For example, almost as soon as Christ’s followers had the freedom to do so, they built grand, intricate cathedrals as sacred spaces within time and space as a way to proclaim His authority over time and space. These spaces were, in a sense, physical representations of the incarnation, the divine inhabiting the mundane. Not only are places like St. Patrick’s in New York City beautiful, but they were meant to say something about the kind of world in which we live, and the kind of authority God holds over all of it. Easter is not just a day off for fun and family, it is a remembrance of the obedience and victory that Christ had within time and space as the defining moment of human history. 

It only makes sense then, that those who wish to challenge God’s authority would attempt to reclaim these spaces for themselves. This is what Professor Trueman meant by this shift from “disenchantment” to “desecration”—a shift we’re in right now. “Disenchantment” describes the cultural detachment from transcendent reality. “Desecration” describes what inevitably follows, the attempt to usurp God’s claim to authority and instead claim times and spaces for another authority. Or, as Louise Perry tweeted in reaction to President Biden’s attempt to claim Easter Sunday for a different religion, “We are repaganizing.”  

The ideas of the sexual revolution, including the normalization of homosexuality and the denial of biological sex, begin by denying God’s role in creation and end by rejecting His authority over all of life. For revolutionaries, it’s not enough for others to merely “tolerate” their revolution. All must “affirm” it. 

Almost certainly, the kind of “desecration” we saw on Sunday will continue and even become more shocking. But, the truth remains: Christ is Creator and Lord. The truth is that every knee will bow, and every tongue will confess that “all authority in heaven and on earth” belongs to Jesus.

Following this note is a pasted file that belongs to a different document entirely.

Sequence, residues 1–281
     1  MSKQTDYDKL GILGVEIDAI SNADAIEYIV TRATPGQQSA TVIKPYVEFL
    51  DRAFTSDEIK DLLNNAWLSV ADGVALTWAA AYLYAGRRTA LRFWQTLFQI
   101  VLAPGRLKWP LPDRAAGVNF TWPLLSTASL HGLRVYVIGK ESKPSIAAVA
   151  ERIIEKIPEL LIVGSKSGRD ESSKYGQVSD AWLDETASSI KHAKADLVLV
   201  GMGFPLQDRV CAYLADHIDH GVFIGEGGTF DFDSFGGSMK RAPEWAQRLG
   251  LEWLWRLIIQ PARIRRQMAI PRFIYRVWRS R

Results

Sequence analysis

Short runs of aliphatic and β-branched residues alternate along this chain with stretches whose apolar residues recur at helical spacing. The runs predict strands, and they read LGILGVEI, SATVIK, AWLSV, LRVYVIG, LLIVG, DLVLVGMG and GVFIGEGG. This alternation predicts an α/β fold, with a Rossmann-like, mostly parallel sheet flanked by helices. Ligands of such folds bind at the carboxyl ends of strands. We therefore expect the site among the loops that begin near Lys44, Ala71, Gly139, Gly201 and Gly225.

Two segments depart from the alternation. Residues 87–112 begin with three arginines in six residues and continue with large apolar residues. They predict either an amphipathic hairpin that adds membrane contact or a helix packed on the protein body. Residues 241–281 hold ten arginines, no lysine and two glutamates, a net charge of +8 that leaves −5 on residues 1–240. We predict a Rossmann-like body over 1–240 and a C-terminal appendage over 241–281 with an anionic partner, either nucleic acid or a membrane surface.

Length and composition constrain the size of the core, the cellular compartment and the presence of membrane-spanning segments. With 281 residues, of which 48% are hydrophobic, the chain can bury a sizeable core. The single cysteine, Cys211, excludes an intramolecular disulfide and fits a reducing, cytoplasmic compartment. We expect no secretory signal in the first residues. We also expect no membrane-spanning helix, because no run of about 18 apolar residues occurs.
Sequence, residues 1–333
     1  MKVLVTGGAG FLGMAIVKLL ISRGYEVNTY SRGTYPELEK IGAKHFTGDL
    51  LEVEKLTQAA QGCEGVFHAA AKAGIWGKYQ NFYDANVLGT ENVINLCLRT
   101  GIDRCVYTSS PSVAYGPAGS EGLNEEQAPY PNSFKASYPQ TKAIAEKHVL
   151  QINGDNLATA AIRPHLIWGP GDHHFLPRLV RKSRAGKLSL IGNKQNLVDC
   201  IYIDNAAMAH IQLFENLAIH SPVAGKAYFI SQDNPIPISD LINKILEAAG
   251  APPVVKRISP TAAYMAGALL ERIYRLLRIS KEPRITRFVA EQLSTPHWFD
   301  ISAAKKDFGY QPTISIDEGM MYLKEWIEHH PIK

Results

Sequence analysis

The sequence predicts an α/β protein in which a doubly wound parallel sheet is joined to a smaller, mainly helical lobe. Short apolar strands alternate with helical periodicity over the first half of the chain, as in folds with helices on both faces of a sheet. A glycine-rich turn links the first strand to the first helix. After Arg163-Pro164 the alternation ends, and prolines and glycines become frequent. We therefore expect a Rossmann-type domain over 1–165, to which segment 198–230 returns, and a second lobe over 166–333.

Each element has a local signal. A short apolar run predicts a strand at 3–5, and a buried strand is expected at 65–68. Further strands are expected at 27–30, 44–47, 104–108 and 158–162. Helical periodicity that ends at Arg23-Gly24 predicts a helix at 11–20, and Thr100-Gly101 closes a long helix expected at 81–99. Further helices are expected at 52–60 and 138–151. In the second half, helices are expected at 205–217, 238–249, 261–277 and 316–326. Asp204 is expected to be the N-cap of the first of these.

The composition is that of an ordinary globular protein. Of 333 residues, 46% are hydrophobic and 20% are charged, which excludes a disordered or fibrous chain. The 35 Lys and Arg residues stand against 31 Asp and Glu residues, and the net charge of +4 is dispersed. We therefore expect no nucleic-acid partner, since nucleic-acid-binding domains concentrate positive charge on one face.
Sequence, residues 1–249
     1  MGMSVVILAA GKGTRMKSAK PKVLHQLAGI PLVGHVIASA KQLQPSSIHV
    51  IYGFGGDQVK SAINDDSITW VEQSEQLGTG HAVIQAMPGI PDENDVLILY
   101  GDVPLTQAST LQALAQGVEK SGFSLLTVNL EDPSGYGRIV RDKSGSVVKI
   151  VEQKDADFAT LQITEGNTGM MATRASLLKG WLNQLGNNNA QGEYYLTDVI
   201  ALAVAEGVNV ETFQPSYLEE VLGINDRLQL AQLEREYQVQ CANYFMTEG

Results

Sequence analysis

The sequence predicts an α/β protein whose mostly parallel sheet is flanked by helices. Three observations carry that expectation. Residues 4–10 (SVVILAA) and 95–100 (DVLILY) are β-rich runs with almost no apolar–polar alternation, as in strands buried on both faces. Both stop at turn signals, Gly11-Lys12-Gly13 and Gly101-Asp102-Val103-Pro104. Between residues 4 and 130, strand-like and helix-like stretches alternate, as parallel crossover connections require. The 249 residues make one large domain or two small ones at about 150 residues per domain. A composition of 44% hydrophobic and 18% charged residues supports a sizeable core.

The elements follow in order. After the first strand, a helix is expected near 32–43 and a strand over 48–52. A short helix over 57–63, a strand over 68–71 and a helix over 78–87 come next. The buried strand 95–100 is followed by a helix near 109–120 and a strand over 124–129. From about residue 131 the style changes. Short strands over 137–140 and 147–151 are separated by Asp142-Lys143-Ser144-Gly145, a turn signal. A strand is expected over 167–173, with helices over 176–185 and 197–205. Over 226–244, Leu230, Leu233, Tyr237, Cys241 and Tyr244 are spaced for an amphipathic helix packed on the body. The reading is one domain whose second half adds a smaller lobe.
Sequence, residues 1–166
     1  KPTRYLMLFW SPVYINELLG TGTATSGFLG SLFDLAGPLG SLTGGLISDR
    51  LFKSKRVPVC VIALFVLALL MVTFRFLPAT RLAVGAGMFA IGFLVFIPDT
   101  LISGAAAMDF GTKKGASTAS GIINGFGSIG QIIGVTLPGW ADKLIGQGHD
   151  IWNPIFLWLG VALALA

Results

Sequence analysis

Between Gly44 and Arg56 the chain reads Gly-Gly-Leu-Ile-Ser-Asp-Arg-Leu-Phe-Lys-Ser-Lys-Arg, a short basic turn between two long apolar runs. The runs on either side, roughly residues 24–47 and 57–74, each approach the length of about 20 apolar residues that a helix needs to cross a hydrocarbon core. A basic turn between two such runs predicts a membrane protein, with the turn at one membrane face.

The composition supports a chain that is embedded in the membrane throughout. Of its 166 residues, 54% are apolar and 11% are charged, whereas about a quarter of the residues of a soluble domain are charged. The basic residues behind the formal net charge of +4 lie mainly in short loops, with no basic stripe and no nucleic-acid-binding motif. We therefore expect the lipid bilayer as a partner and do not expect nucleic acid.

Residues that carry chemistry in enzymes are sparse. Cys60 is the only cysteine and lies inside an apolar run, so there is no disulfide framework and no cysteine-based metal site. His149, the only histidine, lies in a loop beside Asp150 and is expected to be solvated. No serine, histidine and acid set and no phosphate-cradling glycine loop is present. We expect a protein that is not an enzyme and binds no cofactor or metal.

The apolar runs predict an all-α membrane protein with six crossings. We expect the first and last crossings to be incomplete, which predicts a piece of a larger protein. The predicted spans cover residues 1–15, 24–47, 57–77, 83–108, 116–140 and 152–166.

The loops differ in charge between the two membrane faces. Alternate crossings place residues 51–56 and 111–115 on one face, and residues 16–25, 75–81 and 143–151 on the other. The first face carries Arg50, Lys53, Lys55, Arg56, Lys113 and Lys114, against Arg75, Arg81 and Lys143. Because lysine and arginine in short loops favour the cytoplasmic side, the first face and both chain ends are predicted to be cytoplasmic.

Copyright 2024 by the Colson Center for Christian Worldview. Reprinted from with permission.

TikTok and Teens: Guest Column

Congress is considering banning the Chinese government-controlled social media platform TikTok. For some, this ban is about national security. For others, it’s about the safety and sanity of our children.  

Today, nearly half of all teens use social media “almost constantly.” Sixty-three percent of them use TikTok, making it the second most used social media platform behind YouTube. 

Some claim that banning TikTok could lead to catastrophic consequences for teens’ mental health. For many teens, according to one Twitter user, “TikTok is their identity.” In other words, they’re addicted, so losing it could lead to mental distress. 

Such an abrupt shift may certainly cause distress, but social media has long fueled anxiety and depression. As Jean Twenge has noted, teens who spend more time behind screens are at a higher risk for depression.  

Thankfully, teens are more than their online personas, likes, follows, or friends. They are embodied persons whose happiness and wholeness depend on living in the real world. Any effort to help them do that is a step in the right direction. 

Copyright 2024 by the Colson Center for Christian Worldview. Reprinted from with permission.

A Wedding Isn’t Just a Party: Guest Column

Recent debates about whether Christians should go to so-called same-sex “weddings” have revealed a lot, and not just about how normalized homosexuality has become. Some of those who argued Christians should attend asked, “Why turn down an invitation to a wedding when we’re fine eating with, working with, or being friends with people who call themselves gay?”  

But this assumes that weddings are just another social event, a time for people to express their feelings and celebrate their happiness. In a Christian view, they’re much more than that. They’re a public act inseparably joining two lives and creating a family—a God-ordained covenant with a purpose that goes back to creation and symbolism that reaches into New Creation, whether those getting married realize it or not. Those who go don’t merely attend, they participate as witnesses. 

We have a serious failure of catechesis if Christians don’t understand how marriage ceremonies are fundamentally different than a party. For today’s confusion, Christians need to know what marriage is, not just what it isn’t

Copyright 2024 by the Colson Center for Christian Worldview. Reprinted from with permission.